Social Security Retirement Benefits

Social Security Retirement Benefits

Understanding what Social Security can imply for your financial future and that of your family is vital information. Learn how Social Security works, who is eligible for retirement benefits, and what to think about before applying in this section. Continue reading to learn how Social Security fits into your retirement strategy.

How Do Retirement Benefits Work?

Based on someone’s career earnings, Social Security replaces a part of your pre-retirement income. Social Security replaces a portion of your pre-retirement earnings based on your top 35 years of earnings, which fluctuates depending on how much you earn and when you opt to begin benefits.

When you work, you contribute to the Social Security system. The tax money is used to give benefits to: 

  • Disabled individuals.
  • Survivors of deceased workers.
  • Beneficiary’s dependents.

Tax money isn’t maintained in a personal account for you to utilize when you receive benefits. We pay those who are currently receiving benefits with your taxes. Any money you don’t use goes to the Social Security trust fund, which pays you and your family monthly benefits once you reach retirement age.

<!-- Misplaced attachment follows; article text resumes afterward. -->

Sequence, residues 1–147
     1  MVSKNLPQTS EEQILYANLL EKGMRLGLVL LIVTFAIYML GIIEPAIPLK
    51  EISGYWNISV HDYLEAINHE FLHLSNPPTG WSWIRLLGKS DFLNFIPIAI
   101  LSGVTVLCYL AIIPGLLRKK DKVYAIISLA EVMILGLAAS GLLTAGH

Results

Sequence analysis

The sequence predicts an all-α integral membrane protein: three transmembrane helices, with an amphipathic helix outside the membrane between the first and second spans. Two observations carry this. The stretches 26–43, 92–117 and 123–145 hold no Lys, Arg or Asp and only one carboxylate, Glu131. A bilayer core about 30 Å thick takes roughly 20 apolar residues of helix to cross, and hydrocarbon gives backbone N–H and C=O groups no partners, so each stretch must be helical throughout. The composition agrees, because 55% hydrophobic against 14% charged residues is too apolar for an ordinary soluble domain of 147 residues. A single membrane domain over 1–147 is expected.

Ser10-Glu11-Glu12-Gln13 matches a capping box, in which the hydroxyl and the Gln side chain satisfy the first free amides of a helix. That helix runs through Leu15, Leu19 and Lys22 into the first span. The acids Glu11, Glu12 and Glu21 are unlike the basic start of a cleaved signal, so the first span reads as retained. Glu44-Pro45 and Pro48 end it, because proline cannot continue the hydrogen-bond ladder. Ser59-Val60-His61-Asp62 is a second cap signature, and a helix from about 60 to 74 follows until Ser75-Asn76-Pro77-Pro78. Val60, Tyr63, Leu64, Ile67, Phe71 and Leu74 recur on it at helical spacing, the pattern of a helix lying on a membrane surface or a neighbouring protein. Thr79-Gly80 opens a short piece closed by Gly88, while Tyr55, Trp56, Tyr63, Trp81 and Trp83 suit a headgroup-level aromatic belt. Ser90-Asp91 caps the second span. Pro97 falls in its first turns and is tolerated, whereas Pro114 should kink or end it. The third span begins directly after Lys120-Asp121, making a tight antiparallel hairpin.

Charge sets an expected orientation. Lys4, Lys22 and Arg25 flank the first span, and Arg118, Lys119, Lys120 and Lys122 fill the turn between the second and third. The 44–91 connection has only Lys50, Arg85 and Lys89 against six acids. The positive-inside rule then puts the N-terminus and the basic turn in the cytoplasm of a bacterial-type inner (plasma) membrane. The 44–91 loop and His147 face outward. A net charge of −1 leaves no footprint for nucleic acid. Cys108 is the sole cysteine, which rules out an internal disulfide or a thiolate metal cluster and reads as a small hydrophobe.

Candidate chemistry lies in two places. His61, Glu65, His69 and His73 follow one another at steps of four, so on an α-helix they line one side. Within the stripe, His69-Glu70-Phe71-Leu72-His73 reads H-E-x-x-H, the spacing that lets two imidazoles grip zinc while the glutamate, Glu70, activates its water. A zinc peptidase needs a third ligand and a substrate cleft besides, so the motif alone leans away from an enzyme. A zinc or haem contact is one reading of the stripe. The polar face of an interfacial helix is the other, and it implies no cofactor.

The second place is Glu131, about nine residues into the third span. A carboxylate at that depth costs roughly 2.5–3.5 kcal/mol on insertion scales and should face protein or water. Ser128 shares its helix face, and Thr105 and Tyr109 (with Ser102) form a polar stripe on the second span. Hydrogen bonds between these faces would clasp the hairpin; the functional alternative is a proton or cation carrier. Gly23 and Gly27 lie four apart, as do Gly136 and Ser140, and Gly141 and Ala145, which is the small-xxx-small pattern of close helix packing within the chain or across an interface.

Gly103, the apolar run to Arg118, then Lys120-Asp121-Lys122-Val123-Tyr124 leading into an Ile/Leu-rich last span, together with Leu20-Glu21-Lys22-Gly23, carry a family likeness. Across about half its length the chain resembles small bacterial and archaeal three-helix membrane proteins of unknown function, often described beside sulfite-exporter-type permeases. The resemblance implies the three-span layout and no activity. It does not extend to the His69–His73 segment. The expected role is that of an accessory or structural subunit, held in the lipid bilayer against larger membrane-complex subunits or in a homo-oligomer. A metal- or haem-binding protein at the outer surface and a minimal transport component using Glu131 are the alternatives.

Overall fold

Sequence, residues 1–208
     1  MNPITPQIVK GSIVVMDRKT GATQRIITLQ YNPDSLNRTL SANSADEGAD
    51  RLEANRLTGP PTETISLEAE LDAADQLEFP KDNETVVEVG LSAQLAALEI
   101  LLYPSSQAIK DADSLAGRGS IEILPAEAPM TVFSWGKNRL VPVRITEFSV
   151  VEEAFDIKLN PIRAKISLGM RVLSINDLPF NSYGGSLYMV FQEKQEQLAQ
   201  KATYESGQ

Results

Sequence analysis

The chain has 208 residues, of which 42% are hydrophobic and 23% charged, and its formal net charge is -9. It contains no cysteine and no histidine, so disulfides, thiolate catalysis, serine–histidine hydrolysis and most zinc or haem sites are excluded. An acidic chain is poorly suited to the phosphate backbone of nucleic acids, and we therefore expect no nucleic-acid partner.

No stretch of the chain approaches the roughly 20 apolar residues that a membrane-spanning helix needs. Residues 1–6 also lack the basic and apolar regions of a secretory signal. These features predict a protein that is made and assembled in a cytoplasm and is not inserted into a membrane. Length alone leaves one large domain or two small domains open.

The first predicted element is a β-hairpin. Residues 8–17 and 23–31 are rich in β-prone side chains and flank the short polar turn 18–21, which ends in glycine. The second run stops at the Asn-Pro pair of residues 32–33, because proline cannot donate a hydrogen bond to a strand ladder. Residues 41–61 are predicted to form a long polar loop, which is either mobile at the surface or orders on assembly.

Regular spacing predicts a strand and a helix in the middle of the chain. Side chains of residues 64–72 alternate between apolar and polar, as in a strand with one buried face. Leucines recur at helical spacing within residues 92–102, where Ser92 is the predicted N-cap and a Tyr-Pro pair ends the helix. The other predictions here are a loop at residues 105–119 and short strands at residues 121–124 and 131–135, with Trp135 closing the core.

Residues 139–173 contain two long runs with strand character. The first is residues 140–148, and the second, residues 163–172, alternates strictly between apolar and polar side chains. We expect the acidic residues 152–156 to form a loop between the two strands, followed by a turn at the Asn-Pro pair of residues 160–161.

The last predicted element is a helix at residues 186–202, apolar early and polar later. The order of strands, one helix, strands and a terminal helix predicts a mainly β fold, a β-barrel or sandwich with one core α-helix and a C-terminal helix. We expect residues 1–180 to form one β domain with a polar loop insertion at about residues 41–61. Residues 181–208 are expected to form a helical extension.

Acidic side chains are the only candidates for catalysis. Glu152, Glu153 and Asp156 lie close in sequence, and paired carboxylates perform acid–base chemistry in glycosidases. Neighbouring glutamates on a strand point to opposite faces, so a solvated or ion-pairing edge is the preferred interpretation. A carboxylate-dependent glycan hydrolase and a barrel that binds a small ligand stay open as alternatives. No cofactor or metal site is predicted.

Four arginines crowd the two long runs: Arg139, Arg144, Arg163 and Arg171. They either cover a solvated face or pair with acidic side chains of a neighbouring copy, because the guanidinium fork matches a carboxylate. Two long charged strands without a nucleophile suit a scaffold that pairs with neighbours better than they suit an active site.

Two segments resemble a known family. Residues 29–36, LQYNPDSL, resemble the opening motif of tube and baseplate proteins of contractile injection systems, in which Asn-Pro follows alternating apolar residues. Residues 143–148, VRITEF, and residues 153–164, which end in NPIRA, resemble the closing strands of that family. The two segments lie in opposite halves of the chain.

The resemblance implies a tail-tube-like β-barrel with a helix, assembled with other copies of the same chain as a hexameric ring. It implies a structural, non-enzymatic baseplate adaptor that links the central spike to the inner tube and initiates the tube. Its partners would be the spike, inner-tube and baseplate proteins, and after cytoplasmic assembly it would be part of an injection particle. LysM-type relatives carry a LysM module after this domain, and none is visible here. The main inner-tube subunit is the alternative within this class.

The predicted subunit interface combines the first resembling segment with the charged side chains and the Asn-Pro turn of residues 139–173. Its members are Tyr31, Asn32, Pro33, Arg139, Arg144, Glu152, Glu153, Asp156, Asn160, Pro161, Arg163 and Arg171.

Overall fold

How do you find out if you’re eligible for Retirement Benefits?

You earn “credits” toward Social Security benefits when you work and pay Social Security taxes. The number of credits required to receive retirement benefits is determined on your birth year. You’ll need 40 credits if you were born in 1929 or later (usually, this is 10 years of work).

If you stop working before accumulating enough credits to qualify for Social Security benefits, the credits will remain on your record. More credits may be added if you return to work later. We won’t be able to pay you any retirement benefits until you’ve accumulated 40 credits.

When can I start receiving Retirement Benefits?

The amount of your monthly payments is determined by the age at which you begin collecting your retirement benefit. When deciding when to begin receiving benefits, there are three things to keep in mind. It’s broken into 3 sections, Full retirement age, early retirement age, and delayed retirement age. Full retirement age is when you qualify to start receiving your full retirement benefits. The age to qualify is 66 if you are born from 1955 to 1960. If you’re born during 1960 or later, you will be eligible for your full retirement benefits at the age of 67. Early retirement age is being able to get your benefits as early as the age of 62. But the downside to this is that you won’t be receiving your full benefits until you hit your full retirement age. Delayed retirement age is when you don’t claim your retirement benefits by the age of 67. Your benefits will continue to increase until you hit the age of 70.

For more information regarding this topic, visit the social security administration website